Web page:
As a woodworker, you can do your part to support environmentally responsible sustainable forestry practices by purchasing certified woods. Certified woods come from “well-managed” forests in which the long-term health of the total forest ecosystem is emphasized – the trees, under-story plants, water resources, wildlife habitats, recreational pursuits, and employment opportunities for local communities. A forest can become certified by meeting forest management standards established by a certification entity such as the Forest Stewardship Council (FSC). These standards ensure that forests are managed in an ecologically sound, socially responsible and economically viable manner.
Certification standards also cover the entire chain-of-custody from stump to shelf. For example, in order for wood to be labeled “FSC-certified”, it must be tracked from the forest, through manufacturing, distribution and to the final point of sale. The purpose of the chain-of-custody is to ensure that wood products endorsed by the FSC actually originate from well-managed forests. Chain-of-custody certifications primarily involve careful inventory management and record keeping.
So, where can you get certified wood? Certified wood products are not widely available at home improvement stores and lumberyards but that’s likely to change. Home Depot, for instance, has been steadily moving towards selling more FSC certified wood since 1999. And like a number of other companies, they have shifted buying wood from questionable sources to companies that practice responsible forestry (although not necessarily certified). To locate certified forest products suppliers in your area, check out the FSC or SFI’s online products database. Chances are you’ll find a source not too far from home. Just remember that certified lumber should have a stamp, label, or tag identifying it as such.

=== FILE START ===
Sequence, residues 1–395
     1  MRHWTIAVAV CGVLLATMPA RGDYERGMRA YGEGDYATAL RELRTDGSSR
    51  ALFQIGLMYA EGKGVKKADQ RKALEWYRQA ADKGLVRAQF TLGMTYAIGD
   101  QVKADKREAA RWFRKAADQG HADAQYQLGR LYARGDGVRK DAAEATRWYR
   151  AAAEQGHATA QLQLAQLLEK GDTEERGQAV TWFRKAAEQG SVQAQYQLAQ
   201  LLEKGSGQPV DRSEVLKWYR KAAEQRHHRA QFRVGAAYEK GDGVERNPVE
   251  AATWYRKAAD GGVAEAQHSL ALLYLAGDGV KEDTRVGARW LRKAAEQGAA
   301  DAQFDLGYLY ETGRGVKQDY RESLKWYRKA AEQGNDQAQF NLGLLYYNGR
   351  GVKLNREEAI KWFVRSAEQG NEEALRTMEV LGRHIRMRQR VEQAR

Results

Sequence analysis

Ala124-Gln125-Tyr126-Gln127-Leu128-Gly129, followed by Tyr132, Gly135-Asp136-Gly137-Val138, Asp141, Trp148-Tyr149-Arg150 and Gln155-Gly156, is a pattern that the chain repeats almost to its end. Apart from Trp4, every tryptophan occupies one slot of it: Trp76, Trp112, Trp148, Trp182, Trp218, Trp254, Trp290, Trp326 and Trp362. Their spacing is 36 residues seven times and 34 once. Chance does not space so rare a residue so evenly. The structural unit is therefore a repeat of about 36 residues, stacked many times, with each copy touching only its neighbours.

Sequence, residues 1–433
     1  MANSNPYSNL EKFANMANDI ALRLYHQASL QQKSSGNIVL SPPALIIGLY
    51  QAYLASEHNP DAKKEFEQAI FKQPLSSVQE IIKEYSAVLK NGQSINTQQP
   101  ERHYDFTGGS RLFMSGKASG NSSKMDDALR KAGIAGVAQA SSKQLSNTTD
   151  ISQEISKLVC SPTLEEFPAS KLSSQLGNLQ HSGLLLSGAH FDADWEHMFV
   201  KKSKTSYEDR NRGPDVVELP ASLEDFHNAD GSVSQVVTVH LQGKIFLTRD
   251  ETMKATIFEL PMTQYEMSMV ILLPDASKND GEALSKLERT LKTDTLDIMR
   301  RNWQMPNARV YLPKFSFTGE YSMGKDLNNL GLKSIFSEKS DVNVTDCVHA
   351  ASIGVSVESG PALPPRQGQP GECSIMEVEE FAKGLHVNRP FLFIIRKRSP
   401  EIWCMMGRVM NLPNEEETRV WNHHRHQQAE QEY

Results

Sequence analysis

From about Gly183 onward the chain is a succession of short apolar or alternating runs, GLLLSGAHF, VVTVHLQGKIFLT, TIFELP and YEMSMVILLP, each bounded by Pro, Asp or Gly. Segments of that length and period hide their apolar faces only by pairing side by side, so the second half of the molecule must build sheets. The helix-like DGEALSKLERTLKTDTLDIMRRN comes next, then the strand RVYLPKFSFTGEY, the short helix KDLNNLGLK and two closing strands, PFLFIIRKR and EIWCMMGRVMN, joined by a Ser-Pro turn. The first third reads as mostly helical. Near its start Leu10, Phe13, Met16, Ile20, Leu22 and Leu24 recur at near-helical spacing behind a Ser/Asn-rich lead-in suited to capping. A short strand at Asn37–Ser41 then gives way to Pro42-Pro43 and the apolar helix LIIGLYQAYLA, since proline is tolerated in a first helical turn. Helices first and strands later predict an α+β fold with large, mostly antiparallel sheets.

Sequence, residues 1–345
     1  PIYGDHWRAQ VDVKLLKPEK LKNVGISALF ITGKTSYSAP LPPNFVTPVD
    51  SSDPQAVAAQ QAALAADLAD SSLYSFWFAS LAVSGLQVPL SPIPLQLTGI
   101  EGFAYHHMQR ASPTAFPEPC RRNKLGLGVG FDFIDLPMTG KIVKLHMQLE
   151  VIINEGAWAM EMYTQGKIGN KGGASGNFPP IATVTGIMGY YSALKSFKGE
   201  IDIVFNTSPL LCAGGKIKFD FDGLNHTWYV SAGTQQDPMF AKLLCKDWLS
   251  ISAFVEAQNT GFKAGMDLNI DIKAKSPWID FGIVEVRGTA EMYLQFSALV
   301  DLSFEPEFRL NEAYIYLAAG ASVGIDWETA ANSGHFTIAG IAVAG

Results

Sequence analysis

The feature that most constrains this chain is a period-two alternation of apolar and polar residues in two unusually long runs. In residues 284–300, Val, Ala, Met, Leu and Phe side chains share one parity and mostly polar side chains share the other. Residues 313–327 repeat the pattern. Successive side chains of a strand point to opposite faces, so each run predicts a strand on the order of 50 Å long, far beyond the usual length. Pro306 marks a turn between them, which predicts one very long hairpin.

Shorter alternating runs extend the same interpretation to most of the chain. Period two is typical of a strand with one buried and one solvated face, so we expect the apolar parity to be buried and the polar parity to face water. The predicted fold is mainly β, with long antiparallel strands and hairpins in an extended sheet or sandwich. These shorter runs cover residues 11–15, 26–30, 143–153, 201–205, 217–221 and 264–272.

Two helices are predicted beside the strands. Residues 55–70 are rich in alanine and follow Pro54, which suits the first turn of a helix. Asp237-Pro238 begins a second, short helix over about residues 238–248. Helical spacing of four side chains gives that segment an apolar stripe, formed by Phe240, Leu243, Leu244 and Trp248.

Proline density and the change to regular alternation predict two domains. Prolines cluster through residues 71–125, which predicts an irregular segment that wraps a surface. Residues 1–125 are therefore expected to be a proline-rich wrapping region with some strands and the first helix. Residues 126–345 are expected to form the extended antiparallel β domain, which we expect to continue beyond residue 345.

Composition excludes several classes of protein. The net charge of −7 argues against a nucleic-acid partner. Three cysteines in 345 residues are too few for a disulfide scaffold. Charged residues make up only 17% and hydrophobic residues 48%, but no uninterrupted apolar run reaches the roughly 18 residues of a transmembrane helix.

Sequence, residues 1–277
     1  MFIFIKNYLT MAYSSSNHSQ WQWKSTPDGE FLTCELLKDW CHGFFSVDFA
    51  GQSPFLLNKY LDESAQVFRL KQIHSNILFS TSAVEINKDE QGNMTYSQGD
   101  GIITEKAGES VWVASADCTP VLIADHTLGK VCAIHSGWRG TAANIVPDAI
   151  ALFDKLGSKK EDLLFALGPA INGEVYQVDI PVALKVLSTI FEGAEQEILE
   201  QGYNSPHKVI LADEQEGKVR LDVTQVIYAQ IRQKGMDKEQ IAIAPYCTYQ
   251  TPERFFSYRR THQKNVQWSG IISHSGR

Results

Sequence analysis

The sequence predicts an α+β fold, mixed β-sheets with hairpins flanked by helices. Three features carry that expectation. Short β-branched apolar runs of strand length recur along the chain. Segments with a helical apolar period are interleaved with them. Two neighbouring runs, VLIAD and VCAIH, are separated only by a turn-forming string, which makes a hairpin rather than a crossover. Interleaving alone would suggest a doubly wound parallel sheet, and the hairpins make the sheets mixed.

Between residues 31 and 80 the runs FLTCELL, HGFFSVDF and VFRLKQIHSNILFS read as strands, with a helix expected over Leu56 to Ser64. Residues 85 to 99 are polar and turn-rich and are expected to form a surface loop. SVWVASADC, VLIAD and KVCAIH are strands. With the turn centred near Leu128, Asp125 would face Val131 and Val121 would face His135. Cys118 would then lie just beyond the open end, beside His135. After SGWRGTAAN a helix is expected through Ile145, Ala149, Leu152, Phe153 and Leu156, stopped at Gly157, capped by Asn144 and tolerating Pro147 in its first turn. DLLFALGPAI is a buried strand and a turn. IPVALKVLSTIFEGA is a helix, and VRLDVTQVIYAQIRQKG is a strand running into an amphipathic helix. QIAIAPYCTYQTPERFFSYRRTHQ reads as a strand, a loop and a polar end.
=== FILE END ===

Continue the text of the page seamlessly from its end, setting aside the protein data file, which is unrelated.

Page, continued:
Prices for certified wood are generally higher than for non-certified wood owing to factors such as the extra labor involved in the certification process. But, as more certified products enter the market, prices are expected to decrease. Note that tropical hardwoods as well as domestic hardwoods and softwoods are all available as certified woods.
It’s an encouraging sign that a growing number of companies are using certified wood in their products. For example, the Gibson guitar company is now manufacturing its Les Paul Standard model from certified maple harvested by the Menominee Tribal Enterprises in Wisconsin and mahogany harvested by Sociedad de Productores Forestales Ejidales in Mexico. Since 1991, Herman Miller, a global supplier of office furniture, has purchased woods coming only from sustainable supplies. As another example, Maine WoodNet (MWN) is assisting a number of small to medium size wood products firms in marketing custom products such as conference tables that are made from certified woods harvested from local forests.